The Bibleís history books are this last kind of record. The first Christians believed that the authors of every book in the Old Testament (the first part of the Bible) were prophets (Hebrews 1:1; 1 Peter 1:10-12; 2 Peter 1:19-21). They taught that these books are Godís word (2 Timothy 3:15-17). They urged Christians to study the whole Bible carefully so that they can learn its lessons (Romans 15:4).

We have called the books Ďhistory booksí. However, it would be better to describe them as Ďsacred records of some events in the lives of Israelís kings and prophetsí. The authors did not try to write complete accounts of this period of history. In fact, they did not even try to record all the main events. Instead, they only wrote about those events that God directed them to include in their books.

So, for example, the author of 1 Samuel tells us that Saul fought major wars against Moab, Edom and Zobah (14:47). However, he gives no other information about any of those wars. The authorís explanation would be that God had not guided him to write about those wars.

Another example is Saulís attack against the people in Gibeon. That was one of the most cruel and wicked things that Saul ever did. However, the account of Saulís life in 1 Samuel does not even mention that terrible incident. The reader of the Bible only discovers it, long after Saulís death, in 2 Samuel chapter 21.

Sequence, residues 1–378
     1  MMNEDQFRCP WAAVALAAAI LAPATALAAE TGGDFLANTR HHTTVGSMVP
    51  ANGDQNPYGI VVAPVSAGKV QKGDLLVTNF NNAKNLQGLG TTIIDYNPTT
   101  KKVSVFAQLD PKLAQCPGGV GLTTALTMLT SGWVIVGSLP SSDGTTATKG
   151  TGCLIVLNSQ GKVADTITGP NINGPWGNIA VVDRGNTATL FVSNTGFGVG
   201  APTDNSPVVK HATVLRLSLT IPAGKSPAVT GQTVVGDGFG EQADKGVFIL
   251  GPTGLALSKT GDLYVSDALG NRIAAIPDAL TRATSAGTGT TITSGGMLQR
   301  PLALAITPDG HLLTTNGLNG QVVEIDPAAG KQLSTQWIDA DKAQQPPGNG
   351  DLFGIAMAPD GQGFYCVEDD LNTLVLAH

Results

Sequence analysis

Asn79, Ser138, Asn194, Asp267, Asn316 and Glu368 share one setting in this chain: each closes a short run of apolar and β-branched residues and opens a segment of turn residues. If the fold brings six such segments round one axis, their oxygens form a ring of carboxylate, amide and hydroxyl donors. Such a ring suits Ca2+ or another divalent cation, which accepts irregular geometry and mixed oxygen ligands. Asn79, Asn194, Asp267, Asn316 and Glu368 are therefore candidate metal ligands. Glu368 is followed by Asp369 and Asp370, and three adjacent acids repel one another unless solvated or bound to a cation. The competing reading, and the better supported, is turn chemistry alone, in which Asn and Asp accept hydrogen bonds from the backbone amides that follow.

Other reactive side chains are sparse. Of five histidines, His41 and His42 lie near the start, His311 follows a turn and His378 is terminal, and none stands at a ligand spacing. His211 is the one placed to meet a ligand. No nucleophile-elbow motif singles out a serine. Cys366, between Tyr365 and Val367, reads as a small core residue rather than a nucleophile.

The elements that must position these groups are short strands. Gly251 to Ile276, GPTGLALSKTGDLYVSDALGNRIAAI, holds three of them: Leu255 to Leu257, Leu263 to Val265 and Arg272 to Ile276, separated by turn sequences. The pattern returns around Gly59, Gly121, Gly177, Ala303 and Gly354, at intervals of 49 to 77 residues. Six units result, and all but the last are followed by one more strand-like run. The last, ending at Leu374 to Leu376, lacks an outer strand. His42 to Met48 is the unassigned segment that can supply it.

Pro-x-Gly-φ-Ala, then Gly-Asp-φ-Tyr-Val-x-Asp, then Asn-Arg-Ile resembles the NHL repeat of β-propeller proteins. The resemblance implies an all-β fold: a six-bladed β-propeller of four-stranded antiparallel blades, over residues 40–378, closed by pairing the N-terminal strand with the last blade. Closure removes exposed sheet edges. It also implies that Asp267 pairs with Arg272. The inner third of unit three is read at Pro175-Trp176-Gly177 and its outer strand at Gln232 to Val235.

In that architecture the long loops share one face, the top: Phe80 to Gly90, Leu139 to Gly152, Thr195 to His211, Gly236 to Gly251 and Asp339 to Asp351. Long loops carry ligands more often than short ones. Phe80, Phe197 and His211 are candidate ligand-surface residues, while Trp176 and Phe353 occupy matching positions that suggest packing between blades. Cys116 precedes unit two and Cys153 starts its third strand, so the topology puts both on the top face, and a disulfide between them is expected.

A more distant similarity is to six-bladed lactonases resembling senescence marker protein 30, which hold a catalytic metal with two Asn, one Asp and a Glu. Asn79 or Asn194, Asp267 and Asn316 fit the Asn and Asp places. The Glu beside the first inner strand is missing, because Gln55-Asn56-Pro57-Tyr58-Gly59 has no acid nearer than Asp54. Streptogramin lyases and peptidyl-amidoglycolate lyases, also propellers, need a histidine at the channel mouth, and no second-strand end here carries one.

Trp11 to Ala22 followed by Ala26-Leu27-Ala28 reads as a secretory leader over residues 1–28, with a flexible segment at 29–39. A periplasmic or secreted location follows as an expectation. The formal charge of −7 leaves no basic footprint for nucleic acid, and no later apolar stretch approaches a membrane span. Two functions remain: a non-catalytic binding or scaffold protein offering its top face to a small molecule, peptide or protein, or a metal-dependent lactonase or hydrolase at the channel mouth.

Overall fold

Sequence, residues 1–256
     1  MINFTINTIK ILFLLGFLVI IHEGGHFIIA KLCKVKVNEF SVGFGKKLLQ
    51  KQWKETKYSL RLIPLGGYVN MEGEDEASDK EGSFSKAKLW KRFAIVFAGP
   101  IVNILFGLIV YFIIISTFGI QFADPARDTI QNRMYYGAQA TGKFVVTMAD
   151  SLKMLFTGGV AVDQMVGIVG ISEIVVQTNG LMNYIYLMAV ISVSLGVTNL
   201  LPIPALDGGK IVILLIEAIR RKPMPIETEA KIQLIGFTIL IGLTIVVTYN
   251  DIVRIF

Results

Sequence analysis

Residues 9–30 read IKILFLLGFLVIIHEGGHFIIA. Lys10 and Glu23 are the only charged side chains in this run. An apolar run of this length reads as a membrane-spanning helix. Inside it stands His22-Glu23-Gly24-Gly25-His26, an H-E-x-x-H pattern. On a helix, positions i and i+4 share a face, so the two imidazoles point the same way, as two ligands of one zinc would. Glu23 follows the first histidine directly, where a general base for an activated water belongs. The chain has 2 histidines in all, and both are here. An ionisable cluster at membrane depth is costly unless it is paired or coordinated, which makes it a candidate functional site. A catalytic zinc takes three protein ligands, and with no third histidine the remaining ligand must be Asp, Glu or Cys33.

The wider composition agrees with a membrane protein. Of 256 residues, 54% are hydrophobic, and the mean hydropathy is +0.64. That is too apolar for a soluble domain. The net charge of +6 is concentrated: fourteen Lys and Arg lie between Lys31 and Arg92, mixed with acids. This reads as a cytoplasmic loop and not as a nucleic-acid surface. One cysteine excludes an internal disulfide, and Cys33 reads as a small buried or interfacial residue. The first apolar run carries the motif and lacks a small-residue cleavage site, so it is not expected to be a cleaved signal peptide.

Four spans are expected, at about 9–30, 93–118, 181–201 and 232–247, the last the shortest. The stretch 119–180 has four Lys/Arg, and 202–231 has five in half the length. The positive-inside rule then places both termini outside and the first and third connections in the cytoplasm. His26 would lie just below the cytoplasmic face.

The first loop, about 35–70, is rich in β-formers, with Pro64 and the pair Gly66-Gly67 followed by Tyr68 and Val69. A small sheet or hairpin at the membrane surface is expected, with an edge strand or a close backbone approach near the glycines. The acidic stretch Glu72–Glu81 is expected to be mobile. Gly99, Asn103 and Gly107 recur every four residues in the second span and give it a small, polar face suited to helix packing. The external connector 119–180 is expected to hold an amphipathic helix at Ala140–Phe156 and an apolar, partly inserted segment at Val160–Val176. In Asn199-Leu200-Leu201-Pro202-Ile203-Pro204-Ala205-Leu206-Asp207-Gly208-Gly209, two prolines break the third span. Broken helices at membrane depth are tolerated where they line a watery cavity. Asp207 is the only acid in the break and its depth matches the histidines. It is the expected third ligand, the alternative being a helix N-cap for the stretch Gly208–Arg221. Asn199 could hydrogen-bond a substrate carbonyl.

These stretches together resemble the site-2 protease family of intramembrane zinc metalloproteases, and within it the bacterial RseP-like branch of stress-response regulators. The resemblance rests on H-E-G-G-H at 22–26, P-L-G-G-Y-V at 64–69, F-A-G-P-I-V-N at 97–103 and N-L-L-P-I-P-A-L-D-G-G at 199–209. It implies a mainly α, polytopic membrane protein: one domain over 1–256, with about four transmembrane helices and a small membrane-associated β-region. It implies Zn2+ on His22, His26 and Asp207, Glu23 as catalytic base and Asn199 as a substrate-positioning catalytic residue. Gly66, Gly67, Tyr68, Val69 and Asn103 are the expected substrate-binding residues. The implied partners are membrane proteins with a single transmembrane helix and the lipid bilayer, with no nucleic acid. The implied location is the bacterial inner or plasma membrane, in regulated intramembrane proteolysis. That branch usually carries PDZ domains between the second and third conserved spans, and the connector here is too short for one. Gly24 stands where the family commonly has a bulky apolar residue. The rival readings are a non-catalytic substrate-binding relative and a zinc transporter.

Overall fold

It should be clear, therefore, that the prophets prepared these books with much prayer. They did not consider the preparation of these books to be less important than their duty to speak Godís messages. They considered that these books were messages from God. They did not just want God to show them which incidents they should include. They were asking God to guide them in every word that they wrote. Only God knew the truth about the inner thoughts and attitudes of the people in these books. Only God really understood what was happening during these events. Therefore, only God could show them how to record these things in the right and true manner that would please him.